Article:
A Conundrum in America: Obesity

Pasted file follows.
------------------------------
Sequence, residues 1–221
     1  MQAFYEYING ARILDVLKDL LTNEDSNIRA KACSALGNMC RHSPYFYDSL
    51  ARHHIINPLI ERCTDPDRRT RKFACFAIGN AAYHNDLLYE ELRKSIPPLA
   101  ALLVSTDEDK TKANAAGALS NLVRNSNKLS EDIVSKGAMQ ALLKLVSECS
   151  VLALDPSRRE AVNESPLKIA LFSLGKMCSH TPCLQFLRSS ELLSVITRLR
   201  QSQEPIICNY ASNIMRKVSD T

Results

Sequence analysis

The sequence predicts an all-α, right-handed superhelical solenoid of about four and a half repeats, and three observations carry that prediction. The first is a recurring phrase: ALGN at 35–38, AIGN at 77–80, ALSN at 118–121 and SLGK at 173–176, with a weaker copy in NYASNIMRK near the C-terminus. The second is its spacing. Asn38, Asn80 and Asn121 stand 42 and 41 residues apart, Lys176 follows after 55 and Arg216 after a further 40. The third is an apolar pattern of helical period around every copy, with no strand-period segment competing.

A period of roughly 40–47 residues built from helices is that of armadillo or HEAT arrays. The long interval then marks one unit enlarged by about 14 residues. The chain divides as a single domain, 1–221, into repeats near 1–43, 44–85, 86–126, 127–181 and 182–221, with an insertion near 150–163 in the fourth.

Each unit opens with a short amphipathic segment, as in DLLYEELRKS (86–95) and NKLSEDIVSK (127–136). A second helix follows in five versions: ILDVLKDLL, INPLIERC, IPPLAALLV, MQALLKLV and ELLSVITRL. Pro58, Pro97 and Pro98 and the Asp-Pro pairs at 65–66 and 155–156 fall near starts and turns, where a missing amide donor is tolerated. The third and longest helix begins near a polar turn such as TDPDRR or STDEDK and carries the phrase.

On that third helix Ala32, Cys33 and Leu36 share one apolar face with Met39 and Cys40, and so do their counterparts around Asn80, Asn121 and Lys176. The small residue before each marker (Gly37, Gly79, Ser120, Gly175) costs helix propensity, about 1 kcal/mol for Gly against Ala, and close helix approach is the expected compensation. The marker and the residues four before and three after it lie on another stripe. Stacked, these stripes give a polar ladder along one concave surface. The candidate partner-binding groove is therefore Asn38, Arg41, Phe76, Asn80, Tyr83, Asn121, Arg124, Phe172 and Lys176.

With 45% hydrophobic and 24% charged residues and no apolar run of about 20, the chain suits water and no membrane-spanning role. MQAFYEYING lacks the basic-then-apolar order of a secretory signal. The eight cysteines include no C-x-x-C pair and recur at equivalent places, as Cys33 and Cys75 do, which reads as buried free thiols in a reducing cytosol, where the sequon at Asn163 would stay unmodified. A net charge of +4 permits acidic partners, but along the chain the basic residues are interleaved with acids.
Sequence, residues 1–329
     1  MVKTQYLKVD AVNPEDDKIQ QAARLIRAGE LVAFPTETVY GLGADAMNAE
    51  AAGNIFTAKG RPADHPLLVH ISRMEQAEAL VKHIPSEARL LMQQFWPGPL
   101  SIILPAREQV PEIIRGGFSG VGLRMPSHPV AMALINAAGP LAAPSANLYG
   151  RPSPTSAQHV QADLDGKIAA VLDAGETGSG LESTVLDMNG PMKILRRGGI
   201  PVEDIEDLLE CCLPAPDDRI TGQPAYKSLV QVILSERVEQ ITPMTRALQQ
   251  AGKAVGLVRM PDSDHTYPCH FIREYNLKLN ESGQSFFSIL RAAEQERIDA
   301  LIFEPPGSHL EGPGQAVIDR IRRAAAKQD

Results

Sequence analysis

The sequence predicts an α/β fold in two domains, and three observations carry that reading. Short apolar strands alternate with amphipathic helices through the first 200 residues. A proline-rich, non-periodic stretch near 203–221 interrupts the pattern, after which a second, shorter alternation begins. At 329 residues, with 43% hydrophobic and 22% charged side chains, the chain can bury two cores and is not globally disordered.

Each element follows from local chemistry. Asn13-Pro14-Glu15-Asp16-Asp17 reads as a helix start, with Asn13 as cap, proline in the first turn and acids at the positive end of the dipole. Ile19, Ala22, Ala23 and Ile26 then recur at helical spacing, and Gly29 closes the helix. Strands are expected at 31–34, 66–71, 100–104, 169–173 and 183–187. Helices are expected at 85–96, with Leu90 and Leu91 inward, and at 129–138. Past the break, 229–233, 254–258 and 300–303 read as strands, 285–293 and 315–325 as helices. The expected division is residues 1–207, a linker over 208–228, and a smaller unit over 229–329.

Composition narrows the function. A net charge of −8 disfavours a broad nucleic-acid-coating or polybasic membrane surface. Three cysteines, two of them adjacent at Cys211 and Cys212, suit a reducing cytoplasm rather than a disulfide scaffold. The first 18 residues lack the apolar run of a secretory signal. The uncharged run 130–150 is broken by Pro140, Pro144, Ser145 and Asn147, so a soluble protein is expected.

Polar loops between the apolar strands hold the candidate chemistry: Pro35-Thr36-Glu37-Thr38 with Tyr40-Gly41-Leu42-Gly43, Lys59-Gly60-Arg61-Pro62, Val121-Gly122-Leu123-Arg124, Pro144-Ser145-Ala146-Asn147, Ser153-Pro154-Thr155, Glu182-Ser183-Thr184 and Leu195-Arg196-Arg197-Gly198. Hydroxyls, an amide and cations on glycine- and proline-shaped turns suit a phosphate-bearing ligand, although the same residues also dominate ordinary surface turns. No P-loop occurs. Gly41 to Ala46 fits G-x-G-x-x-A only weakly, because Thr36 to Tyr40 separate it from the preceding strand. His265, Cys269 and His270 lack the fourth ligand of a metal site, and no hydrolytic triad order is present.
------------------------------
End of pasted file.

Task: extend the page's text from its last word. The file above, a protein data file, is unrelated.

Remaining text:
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According to the American Heart Association, 23.9 million children ages 2 to 19 are overweight or obese. In addition to them, 154.7 million adults are pudgy. That means more than one-third of children and two-thirds of adults in the United States are overweight (Pages 1-3). Many Americans know about the high rates of obesity in our country. Michelle Obama, along with several other politicians and health professionals, push for recognition of these facts. They believe too many citizens are overweight and something has to change. The statistics raise several questions and problems, but of these conflicts, which ones are worth solving? The answer could be buried simply within the way the stats are presented: with a division between adults and adolescents. When it comes to obesity, a major problem is figuring out who should be focused on. Should America focus on ending obesity within children, adults, or both? One thing that obese people must put up with is being unhealthy, not just physically unhealthy, but mentally unhealthy as well. This unfortunate reality is present in all ages. The National Heart, Lung, and Blood Institute did research on the health risks of being overweight and obese. They discovered that in adults, the health risks of being overweight include, but are not limited to, “coronary heart disease, high blood pressure, strokes, type two diabetes, metabolic syndrome, cancer, sleep apnea, gallstones, and reproductive problems.” Overweight children, on the other hand, are less prone to these health conditions unless they remain heavy through adulthood. Since obese or overweight kids are very likely to stay that way over time, in the end they may be subject to the same health problems as corpulent adults (1). Moving on... ... middle of paper ... ...r. Obesity and Mental Health. Los Angeles, CA: Center for Mental Health in Schools at UCLA, 2005. http://smhp.psych.ucla.edu/pdfdocs/practicenotes/obesityandmh.pdf Jane Collingwood. Obesity and Mental Health. 4 December 2013. Psych Central. 4 December 2013. http://psychcentral.com/lib/obesity-and-mental-health/000895 Neil K. Kaneshiro, MD, MHA, Clinical Assistant Professor of Pediatrics, University of Washington School of Medicine. David Zieve, MD, MHA, Medical Director. Causes and Risks for Obesity. 1August 2012. Medline Plus. 6 December 2013. http://www.nlm.nih.gov/medlineplus/ency/patientinstructions/000383.htm Harper Collins. Obesity in Children and Teens. March 2011. American Academy of Child and Adolescent Psychiatry. 6 December 2013. http://www.aacap.org/AACAP/Families_and_Youth/Facts_for_Families/Facts_for_Families_Pages/Obesity_In_Children_And_Teens_79.aspx

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